Summary: As the Pan American Games approach, athlete-mothers face the challenge of balancing their sport and taking care of their children. Despite the demanding task, they are determined to compete while still being dedicated mothers.
With the Pan American Games coming up in Santiago, Chile, a significant number of athletes are women, and many of them are also mothers. These athlete-mothers are faced with the challenge of juggling their family responsibilities with the demands of elite competition. One such athlete-mother is Brazilian diver Giovanna Pedroso, who has a 1-year-old son waiting for her at home. Pedroso, like other athlete-mothers, struggles to focus 100% on her sport since her son’s birth. She often relies on others, especially her mother, to take care of her son during training sessions.
Seeking to support athlete-mothers, Pan American Games organizers have provided a lactation room in the athletes village, equipped with breast pumps, toys, and cradles. This initiative aims to make it easier for athlete-mothers to continue breastfeeding while participating in the Games. However, some athlete-mothers, such as Argentine runner Belén Casetta, will not have the opportunity to enjoy the benefits of the lactation room. Casetta, who will compete in the 3,000-meter steeplechase, will be staying outside the athletes village with her 4-month-old daughter. She expressed concerns about potentially disturbing other athletes if her daughter cries in the middle of the night.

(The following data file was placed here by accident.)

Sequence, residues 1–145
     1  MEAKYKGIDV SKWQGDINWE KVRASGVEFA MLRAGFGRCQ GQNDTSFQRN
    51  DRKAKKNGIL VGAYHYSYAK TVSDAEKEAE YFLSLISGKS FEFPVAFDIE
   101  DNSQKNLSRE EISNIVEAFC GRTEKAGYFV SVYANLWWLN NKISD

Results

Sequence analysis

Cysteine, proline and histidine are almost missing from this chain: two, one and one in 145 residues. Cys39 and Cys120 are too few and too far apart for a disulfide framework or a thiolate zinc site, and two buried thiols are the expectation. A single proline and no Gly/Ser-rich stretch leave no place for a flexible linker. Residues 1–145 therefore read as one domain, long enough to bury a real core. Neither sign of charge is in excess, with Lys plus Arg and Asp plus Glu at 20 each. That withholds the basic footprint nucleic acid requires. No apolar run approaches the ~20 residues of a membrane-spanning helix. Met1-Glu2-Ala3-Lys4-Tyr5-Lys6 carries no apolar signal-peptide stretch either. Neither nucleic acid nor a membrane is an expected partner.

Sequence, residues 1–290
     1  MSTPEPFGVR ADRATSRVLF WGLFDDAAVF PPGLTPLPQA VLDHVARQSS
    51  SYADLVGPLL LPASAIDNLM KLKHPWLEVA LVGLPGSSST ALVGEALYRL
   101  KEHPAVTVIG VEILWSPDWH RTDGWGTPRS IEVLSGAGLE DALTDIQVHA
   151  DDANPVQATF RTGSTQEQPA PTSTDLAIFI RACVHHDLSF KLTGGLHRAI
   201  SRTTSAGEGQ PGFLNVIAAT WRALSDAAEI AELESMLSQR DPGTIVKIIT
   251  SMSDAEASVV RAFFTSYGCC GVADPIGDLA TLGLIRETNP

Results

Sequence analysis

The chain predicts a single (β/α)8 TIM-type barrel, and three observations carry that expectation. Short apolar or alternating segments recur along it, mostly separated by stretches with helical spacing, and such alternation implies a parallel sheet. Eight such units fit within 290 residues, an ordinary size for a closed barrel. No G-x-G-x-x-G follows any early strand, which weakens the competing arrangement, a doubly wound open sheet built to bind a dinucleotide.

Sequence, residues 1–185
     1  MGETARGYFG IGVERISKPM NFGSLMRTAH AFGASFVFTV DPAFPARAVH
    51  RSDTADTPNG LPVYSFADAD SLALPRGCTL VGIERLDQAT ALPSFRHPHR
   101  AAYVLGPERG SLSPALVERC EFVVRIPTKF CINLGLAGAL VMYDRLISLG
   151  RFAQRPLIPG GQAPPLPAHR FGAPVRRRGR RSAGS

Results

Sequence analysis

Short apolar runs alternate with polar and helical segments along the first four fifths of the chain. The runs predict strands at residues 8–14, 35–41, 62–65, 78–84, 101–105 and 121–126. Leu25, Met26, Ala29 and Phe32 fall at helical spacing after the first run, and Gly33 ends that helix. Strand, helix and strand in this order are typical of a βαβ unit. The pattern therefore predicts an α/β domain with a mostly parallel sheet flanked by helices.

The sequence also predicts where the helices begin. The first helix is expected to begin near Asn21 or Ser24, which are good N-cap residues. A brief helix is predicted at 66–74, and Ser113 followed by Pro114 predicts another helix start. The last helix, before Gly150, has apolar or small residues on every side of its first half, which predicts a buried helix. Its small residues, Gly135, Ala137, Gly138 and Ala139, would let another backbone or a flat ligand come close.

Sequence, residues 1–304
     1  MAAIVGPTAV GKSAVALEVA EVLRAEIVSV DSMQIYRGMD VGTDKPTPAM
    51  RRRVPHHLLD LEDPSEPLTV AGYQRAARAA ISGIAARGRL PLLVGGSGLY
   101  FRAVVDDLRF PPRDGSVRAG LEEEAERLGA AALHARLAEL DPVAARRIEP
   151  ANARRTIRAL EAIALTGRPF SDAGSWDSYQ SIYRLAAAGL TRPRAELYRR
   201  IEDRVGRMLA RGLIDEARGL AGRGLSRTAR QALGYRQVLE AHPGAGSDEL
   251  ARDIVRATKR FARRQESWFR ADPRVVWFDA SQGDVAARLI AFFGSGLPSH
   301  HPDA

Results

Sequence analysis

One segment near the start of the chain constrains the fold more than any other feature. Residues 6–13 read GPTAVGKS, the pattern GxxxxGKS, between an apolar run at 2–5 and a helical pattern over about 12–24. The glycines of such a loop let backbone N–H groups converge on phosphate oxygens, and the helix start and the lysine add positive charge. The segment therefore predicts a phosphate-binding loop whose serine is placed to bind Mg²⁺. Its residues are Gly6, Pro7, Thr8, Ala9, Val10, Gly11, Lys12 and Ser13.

Canadian shooter Lynda Kiejko, a mother of three, has been dealing with the challenges of being an athlete-mother for a decade. She has had to adapt and find help to balance her responsibilities as a mother and a competitor. Similarly, Mexican sailor Demita Vega has found a structure that allows her to fulfill her role as a mother while also focusing on her training for the Pan Am Games. Vega appreciates the opportunity to connect with other athlete-mothers from different countries and exchange experiences and perspectives on motherhood.
Despite the difficulties, these mother-athletes are motivated by two main reasons: the desire to have stories to share with their children and the joy of seeing their children in the crowd when they compete. They hope to inspire their children and show them that they can achieve anything they set their minds to. With their children as their biggest supporters, these athlete-mothers are determined to face any obstacles that come their way.
Tags: Pan American Games, athlete-mothers, elite competition, balancing responsibilities, lactation room, support for mothers, challenges, motivation, inspiration, obstacles